San Sebastian Film Festival - Episode Two

Fabulous females in Child's Pose, Le Week-End and Gravity, plus why Hanif Kureishi values age over youth.

by Amber Wilkinson

Luminita Gheorghiu as Cornelia in Child's Pose
Luminita Gheorghiu as Cornelia in Child's Pose
Two welcome features of San Sebastian Film Festival this year have been the presence of strong female characters and interesting roles for older actors - frequently in the same film, from the Romanian drama Child's Pose to British comedy drama Le Week-End and Alfonso Cuarón's Gravity.

All three feature performances by women that could easily be considered award worthy. Luminita Gheorghiu is intensely moving in Calin Peter Netzer's Child's Pose, which won the Golden Bear and FIPRESCI critics prizes in Berlin earlier this year. She plays Cornelia a domineering mother, who occupies the same sort of position, thanks to money, in modern Romania as the party elite did during the Communist era.

She wants to control everything in her orbit - in particular, her son Barbu (Bogdan Dumitrache) - which means she's not beyond trying to wreck his relationship, even pumping his maid for information.

So when Barbu knocks down and kills a child, her first thought is not for the parents but to plan a stratgegy to pay everyone off so that he dodges jail. Barbu finds himself stripped of his adulthood - back under her roof and with little to do but pout about the place, and as Cornelia tries to fix everything from the coroner's report to the eye witness, she begins to realise that her fur coat and finances can't protect her from some home truths.

Although Calin Peter Netzer's film is a bit heavy-handed in terms of its satire regarding the nouveau riche, he gets a cracking performance from Gheorghiu, who never lets her character slip into caricature. There is a tragic core to this woman whose entire life revolves around such a deadbeat son.

Lindsay Duncan as Meg in Le Week-End
Lindsay Duncan as Meg in Le Week-End
Lindsay Duncan's Meg is also a force to be reckoned with in Roger Michell's Le Week-End. After reaching the empty nest stage of her life, she and husband Nick are at the point of trying to work out what's left - if anything - of the love they once had.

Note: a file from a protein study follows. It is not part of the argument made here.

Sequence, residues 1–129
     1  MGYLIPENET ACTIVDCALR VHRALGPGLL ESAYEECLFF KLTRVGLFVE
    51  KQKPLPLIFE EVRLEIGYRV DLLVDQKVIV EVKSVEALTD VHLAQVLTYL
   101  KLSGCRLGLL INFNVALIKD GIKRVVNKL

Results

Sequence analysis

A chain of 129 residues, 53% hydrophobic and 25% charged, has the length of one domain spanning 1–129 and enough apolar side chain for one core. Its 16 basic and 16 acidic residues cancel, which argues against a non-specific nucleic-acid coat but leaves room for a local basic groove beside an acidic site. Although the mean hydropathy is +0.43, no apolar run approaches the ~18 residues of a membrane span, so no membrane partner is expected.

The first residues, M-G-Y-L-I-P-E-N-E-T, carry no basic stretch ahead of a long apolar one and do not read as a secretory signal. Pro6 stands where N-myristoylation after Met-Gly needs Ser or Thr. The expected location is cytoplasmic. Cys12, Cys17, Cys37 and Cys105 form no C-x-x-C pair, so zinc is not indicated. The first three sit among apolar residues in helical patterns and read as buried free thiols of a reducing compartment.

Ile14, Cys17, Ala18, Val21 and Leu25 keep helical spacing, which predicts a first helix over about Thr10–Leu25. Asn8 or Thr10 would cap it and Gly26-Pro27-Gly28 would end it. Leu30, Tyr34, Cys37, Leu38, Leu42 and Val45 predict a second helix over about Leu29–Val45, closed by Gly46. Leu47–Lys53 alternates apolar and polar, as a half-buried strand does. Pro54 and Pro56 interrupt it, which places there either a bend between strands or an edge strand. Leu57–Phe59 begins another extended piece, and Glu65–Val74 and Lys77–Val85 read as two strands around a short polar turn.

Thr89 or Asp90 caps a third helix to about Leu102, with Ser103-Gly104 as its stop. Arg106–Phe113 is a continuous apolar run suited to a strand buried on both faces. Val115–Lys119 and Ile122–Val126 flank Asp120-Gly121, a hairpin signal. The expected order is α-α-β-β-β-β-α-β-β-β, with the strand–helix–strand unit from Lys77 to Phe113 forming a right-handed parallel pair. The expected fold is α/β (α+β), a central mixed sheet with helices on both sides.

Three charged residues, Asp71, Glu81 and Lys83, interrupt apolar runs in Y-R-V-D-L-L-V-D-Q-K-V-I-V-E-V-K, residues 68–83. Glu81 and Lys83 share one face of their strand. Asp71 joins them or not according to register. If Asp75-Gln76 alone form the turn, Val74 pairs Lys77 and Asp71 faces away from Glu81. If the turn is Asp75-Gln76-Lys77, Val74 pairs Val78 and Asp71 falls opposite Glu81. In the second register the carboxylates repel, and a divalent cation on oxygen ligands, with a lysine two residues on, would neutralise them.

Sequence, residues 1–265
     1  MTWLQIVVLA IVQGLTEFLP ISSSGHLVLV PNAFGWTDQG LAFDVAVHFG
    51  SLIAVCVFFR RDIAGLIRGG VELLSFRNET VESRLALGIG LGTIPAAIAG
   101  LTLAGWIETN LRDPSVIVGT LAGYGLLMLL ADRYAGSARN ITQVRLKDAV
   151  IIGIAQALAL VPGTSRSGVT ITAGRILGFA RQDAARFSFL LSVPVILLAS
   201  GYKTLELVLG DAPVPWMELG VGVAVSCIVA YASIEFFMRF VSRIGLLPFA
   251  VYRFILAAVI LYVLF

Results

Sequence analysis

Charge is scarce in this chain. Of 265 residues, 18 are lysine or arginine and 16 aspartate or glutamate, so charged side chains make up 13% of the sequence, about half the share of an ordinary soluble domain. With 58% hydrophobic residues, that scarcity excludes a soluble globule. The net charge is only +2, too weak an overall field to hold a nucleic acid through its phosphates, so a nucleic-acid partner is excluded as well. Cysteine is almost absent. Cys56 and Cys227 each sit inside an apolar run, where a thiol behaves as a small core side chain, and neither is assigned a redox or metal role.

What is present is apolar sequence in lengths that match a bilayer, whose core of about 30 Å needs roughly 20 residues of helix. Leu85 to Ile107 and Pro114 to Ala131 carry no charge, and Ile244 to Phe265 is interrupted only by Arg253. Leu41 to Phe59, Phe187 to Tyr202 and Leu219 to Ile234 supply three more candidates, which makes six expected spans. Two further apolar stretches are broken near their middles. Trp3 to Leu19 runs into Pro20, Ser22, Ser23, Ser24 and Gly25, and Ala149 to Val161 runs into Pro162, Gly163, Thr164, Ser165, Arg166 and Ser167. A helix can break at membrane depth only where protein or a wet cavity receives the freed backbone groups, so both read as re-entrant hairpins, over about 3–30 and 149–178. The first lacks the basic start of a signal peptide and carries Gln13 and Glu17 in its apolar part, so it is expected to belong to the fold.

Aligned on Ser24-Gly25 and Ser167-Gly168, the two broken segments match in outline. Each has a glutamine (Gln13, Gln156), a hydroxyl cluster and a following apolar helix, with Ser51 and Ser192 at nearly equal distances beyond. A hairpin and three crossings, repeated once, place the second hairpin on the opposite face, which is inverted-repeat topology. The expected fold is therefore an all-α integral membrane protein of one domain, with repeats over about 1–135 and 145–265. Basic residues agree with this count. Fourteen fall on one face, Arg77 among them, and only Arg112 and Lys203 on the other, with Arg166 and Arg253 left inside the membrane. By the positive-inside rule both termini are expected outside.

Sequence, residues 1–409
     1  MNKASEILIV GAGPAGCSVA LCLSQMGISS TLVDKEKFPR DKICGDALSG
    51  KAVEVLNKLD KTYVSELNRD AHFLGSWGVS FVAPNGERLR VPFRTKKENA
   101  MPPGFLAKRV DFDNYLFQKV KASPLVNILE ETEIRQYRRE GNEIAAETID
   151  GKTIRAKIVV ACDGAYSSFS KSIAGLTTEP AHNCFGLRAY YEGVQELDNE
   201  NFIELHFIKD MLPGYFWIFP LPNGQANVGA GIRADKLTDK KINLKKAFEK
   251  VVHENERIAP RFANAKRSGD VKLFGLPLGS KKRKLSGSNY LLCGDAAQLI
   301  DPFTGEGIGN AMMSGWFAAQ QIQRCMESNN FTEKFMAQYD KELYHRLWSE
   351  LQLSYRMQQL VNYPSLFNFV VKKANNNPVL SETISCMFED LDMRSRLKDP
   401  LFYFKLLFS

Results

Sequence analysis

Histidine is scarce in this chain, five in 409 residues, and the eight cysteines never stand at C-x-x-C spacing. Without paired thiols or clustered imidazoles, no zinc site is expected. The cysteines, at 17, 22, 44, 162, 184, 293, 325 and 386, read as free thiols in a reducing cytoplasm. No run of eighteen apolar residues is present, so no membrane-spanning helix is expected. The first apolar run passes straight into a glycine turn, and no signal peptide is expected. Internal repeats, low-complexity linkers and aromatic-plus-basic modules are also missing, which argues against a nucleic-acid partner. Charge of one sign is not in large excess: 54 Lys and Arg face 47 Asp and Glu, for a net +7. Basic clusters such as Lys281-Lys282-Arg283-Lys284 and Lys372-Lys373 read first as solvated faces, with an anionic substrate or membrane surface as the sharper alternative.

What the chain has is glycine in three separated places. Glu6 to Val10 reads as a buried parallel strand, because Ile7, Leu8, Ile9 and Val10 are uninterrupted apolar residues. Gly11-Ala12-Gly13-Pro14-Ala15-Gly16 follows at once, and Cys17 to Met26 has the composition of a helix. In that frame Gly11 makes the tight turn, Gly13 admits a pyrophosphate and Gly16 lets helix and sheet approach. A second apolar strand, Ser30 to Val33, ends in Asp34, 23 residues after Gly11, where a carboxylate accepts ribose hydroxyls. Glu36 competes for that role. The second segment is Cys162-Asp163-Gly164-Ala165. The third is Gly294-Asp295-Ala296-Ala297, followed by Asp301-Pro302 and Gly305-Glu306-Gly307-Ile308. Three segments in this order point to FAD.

A trip to Paris takes both of them out of their comfort zone, forcing them to confront each other and themselves. Duncan and Broadbent's performances nail Hanif Kureishi's script, even when the back and forth between them becomes a bit stodgy.

Kureishi and Michell deserve credit for creating a woman who is still desired both by herself and others.

Speaking about writing for an older cast, Kureishi said: "I find it much more interesting to write about older people. The film that I've written and Roger hasn't read is about a woman who is 75 and there's a teenage boy and somebody of 40 and someone of 60.

"With older people, the stakes are so high. You've got a little time left now, what are you going to do with it? And, how have you lived? What have you done? I find that complexity much more interesting than writing about someone of 21."

Complexity is exactly what Duncan, in particular, brings to the role in which a certain glance at her husband tells him more than shouting or praise ever would. It will be a crying shame if she doesn't make BAFTA's shortlist for best actress next year.

Sandra Bullock as Dr Ryan Stone and George Clooney as Matt Kowalsky in Alfonso Curaon's Gravity
Sandra Bullock as Dr Ryan Stone and George Clooney as Matt Kowalsky in Alfonso Curaon's Gravity
So then, to Sandra Bullock's performance in Alfonso Cuarón's masterful and mesmerising Gravity. At 49, she has gained a gravitas of her own - not least for winning the best acting Oscar for The Blind Side in 2009 - and has more than proved she has considerable dramatic talent beyond the comedic klutzes she has become best known for. Even in this year's messy The Heat, she rose above the material. Here, the film is all hers as scientist-turned-astronaut Dr Ryan Stone, spinning above the earth alongside George Clooney's veteran Matt Kowalsky. When a chain reaction sends space debris hurtling their way, cutting them off from NASA, they find themselves battling the infinite 'nothingness' of space.

"I feel like a chihuahua in a tumble dryer," Ryan tells Matt as she makes her first space walk and, for the first 20 minutes of this film, that's pretty much how the viewer feels too, struck by the vertiginous sight of earth as a twirl in the distance as Emmanuel Lubezki's camera roves around between the characters and their craft. Cuarón keeps the plot simple, which allows his actors to shine and Bullock delivers an intensity which must have been made all the more difficult by the fact that she frequently had to do it while drifting about or being spun like a top. A triumph of tension and technology, and I expect we'll see Bullock's name on Oscar nominations day.

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